“[T]he funds were used to, among other things: pay down personal credit card bills and other debt; make a $4,127.80 purchase at Hermes; and for smaller purchases at Only Fans; Sephora; and for meals and for parking. The [Investigative Subcommittee] did not find evidence showing that the contributions received… were used to support Representative Santos’ candidacy.”
Devious Donut Diplomacy
One of the appendices to the report contains screenshots of text messages between Santos and his staff, offering a fascinating if somewhat disturbing peek into the congressman’s daily operations. In one, two unidentified Santos aides discuss a box of donuts their boss left outside his office for the “freaks” who cover him in the news media. “Gonna try to get you in here to meet him. He’s busy at the moment,” one says. “No worries,” the other replies. “I’m getting the gossip out here. Donuts were a hit… Need more. Chic fil a for lunch.” The second staffer continues, “We should keep the table and put flowers or pamphlets on it, with a mic under it. No expectation of privacy in the hallway. We will know what’s coming.” “Not the worst idea,” comes the response.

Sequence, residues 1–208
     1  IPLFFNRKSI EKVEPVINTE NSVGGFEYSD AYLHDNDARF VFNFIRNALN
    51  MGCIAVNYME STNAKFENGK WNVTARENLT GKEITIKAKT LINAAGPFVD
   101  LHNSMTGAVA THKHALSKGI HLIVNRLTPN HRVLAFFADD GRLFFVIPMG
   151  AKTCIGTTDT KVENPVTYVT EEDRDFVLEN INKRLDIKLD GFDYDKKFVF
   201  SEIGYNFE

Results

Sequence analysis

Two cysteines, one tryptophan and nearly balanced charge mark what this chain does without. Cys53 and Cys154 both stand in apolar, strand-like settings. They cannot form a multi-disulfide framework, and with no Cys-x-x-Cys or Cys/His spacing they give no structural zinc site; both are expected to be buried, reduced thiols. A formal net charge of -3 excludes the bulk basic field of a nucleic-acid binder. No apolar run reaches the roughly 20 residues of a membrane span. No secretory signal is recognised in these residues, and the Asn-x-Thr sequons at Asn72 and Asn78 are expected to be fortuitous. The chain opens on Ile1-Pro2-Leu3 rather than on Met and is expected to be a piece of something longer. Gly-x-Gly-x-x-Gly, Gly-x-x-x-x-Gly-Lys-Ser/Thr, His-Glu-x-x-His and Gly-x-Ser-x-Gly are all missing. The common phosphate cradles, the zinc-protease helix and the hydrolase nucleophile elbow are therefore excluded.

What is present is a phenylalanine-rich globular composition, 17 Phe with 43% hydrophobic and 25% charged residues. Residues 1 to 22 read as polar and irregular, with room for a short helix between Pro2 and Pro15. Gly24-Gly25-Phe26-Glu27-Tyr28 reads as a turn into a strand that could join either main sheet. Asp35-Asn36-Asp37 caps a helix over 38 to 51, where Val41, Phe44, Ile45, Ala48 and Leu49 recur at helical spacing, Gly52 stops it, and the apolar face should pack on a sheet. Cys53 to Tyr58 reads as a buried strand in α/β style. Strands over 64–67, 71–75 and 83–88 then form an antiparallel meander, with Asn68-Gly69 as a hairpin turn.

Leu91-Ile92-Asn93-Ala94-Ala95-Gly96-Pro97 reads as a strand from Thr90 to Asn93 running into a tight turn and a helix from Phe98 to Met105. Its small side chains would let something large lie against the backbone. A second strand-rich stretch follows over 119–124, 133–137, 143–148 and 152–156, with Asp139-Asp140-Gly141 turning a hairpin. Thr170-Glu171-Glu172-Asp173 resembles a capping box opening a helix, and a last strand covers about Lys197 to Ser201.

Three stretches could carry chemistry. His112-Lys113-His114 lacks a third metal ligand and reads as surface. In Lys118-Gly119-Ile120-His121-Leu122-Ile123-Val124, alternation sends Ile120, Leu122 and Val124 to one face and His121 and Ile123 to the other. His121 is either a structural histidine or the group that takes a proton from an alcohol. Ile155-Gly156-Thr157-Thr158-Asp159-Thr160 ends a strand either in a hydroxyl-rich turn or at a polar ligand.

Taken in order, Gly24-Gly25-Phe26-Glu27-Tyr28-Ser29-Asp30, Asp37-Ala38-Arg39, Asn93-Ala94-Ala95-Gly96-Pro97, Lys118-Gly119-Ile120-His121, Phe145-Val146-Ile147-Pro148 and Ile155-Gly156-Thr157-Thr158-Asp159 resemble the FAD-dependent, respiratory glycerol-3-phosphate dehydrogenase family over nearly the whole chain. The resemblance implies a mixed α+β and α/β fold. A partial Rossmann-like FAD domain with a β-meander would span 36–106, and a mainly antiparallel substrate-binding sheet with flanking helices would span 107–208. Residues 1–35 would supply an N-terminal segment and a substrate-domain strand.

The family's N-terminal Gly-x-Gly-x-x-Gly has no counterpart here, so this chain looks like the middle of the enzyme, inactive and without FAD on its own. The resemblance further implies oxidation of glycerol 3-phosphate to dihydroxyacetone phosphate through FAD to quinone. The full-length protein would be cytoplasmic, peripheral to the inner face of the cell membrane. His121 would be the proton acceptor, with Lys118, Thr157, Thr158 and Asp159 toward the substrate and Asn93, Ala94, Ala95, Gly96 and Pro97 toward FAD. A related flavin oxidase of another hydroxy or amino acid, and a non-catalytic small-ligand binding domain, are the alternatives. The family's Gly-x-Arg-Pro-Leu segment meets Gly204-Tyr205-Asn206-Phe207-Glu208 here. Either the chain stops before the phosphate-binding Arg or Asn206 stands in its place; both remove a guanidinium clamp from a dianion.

Amid the profligate spending using unwitting donors’ money, congressional investigators say some Santos staffers raised concerns. One told him they were “worried about the look of the campaign spending all this money on... all these dinners and travel outside of the district.” Another downplayed any worries, but described the congressman as “definitely a high roller,” the report states, making note of $2,281.52 in campaign expenditures at resorts in Atlantic City from July 23 to July 24, 2022.
“With respect to the Atlantic City expenditures, the [investigative subcommittee] did not receive records of any political or campaign events occurring in Atlantic City at that time,” it says. “... Another former staffer did not recall ‘any sort of fundraising or campaign things in Atlantic City,’ but did recall that Representative Santos told him that he enjoyed visiting casinos to play roulette, often with his husband.”